Friday, December 16, 2016

Two Webcomics: A Redtail's Dream and Anu-Anulan & Yir's Daughter

Today I'm going to do something a little different and review two webcomics that I recently finished. Both are complete stories that combine fantasy and mythology in a unique way, with gorgeous artwork.

A Redtail's Dream

Minna Sundberg
Finnish and English
Completed, 2011-2013
556 pages, fantasy, boy and his dog

When the residents of a village in rural Finland are accidentally sent into the Realm of Dreams (by the Puppy-fox Spirit, who is left in charge while his elders have a meeting), the loner Hannu and his friendly dog Ville must perform tasks to release their friends and neighbors. 

The story is broken into chapters. In each one, Hannu and Ville find themselves in a different part of the realm of dreams, where they must complete a random task to convince the main villager in that area to return home (and take the others with them). Each main villager is accompanied by an ancient animal spirit; Ville, to his delight and sometimes dismay, takes the same form as the animal spirit while they are there. Hence you have a dog that becomes everything from a squirrel to a moose to a seal.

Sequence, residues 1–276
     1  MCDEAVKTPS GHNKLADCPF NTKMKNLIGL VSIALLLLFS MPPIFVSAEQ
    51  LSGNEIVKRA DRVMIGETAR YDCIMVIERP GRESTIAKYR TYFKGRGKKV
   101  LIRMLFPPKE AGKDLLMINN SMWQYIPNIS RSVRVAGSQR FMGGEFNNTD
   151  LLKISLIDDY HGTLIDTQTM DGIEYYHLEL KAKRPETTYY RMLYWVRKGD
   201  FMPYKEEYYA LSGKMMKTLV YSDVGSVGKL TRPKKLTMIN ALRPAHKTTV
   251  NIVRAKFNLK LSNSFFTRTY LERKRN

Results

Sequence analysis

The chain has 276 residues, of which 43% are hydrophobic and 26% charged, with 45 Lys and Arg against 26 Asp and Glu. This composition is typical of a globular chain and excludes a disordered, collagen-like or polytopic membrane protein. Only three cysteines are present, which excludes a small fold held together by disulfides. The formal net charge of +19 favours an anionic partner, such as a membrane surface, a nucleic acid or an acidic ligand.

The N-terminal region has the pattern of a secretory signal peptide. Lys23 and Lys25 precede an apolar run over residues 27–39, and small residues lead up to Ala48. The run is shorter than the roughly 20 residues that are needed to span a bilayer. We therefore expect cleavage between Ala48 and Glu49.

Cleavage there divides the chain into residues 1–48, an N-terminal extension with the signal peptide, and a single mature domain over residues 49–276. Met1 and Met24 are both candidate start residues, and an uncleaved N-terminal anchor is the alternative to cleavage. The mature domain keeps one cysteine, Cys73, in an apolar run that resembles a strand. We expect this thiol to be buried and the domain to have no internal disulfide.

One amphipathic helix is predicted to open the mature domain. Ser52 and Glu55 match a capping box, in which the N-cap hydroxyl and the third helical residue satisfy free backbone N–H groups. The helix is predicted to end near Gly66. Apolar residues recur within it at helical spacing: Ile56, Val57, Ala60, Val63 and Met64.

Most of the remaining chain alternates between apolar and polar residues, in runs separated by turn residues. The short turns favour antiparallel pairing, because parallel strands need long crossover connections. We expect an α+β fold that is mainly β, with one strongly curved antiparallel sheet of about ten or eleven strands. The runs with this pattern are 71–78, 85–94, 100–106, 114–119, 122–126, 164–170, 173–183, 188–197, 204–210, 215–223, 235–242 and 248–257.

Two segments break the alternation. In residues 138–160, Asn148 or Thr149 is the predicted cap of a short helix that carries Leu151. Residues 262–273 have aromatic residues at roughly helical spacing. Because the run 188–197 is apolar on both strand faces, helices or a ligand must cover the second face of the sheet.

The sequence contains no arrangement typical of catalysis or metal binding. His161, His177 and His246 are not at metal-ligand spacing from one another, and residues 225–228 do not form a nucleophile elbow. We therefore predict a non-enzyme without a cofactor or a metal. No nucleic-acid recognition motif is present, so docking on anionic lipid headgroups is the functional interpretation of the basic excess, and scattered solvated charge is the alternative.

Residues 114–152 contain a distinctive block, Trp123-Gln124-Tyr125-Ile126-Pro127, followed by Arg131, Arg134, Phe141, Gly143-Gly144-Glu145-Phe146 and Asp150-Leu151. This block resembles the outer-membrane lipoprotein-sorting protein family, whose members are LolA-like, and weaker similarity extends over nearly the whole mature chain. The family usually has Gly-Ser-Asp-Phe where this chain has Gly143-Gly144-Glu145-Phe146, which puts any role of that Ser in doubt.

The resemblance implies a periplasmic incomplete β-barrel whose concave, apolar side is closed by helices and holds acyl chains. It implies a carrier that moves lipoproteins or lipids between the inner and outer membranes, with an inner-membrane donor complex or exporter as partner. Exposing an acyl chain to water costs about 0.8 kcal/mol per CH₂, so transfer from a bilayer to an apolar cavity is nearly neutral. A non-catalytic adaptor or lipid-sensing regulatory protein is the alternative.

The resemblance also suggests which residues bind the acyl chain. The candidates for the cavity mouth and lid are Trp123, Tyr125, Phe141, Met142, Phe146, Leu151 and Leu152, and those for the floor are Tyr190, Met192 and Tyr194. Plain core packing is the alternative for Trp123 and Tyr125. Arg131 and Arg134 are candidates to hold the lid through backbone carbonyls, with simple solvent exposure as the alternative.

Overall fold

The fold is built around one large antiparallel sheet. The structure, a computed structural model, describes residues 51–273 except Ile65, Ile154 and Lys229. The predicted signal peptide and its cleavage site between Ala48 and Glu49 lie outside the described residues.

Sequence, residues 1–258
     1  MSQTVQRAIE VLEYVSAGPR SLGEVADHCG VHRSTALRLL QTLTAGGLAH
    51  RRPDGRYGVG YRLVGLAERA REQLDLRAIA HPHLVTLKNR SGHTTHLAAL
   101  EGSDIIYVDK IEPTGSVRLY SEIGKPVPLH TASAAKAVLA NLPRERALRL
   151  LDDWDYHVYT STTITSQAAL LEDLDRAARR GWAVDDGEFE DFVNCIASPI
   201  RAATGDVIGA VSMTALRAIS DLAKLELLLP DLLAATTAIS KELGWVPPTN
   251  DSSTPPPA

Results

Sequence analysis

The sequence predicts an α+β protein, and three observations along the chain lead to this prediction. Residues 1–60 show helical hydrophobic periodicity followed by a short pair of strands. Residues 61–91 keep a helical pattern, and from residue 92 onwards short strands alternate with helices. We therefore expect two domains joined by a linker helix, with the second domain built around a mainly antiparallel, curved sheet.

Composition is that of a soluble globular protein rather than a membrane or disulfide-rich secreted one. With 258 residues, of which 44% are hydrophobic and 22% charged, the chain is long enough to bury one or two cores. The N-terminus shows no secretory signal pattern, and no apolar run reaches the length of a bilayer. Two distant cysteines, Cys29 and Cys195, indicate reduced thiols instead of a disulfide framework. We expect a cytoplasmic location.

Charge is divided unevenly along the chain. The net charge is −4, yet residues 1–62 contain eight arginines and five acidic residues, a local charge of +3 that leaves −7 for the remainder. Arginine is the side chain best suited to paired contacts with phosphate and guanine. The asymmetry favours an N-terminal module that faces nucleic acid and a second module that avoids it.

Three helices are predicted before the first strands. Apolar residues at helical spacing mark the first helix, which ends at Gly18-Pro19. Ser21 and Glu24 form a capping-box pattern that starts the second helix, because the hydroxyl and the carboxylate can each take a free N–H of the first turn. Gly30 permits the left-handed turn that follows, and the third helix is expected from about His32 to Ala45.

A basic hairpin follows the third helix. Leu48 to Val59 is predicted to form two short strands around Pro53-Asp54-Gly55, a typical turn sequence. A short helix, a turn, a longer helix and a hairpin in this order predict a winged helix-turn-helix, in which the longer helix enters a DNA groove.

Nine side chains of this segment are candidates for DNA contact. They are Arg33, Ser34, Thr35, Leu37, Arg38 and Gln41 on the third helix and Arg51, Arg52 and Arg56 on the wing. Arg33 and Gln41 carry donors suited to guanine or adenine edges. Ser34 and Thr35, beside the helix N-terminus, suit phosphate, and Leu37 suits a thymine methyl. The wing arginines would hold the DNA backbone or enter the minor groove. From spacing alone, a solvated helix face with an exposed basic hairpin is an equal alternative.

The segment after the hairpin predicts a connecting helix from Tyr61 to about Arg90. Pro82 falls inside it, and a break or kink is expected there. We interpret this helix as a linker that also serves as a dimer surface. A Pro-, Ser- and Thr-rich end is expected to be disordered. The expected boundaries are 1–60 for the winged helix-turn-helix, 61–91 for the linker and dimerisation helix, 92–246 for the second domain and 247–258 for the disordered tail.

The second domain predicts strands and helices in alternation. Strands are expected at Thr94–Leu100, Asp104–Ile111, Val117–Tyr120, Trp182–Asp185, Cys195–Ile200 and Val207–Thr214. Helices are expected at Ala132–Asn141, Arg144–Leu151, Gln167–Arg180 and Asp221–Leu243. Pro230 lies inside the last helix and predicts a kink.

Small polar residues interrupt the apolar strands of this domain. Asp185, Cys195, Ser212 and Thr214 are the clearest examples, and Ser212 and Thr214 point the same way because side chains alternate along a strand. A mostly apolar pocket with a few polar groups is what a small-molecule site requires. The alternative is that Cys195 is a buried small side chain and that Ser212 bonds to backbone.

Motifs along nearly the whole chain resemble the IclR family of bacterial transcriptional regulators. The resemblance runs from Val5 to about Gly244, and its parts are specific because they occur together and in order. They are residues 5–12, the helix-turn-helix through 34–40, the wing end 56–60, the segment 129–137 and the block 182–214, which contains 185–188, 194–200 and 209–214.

And did I mention that Ville can talk?

According to everything I have read, this tale draws heavily on Finnish mythology. Puppy-fox is a classic trickster character, Hannu and Ville's tasks feel like something from a folktale, and so on. However, I was unable to find a detailed breakdown of the mythological elements of this work online. Perhaps it is so close to the original tales that it isn't worth analyzing? I would love to read an in-depth article on the similarities and differences to the myths. 

Most importantly, the art of this webcomic is absolutely stunning. It is well worth reading just for the beauty of it. 

Further Reading: 

"Finnish Mythology" by Molly Kalafut
Read The Kalevala from Sacred Texts

Anu-Anulan & Yir's Daughter

Emily Carroll
Completed, 2011
3 pages, fantasy, LGBTQIA+

In this very short comic, the goddess Anu-Anulan requests a woman (Yir's daughter)'s bright, silvery hair. But after she receives it, she realizes something is missing. 

I am not sure if Anu-Anulan is based on any particular deity. Rather, Carroll uses mythlike storytelling to convey a very sweet tale. 

The artwork used for this story is relatively simple, but incredibly expressive. It's only three pages - go read it now! 

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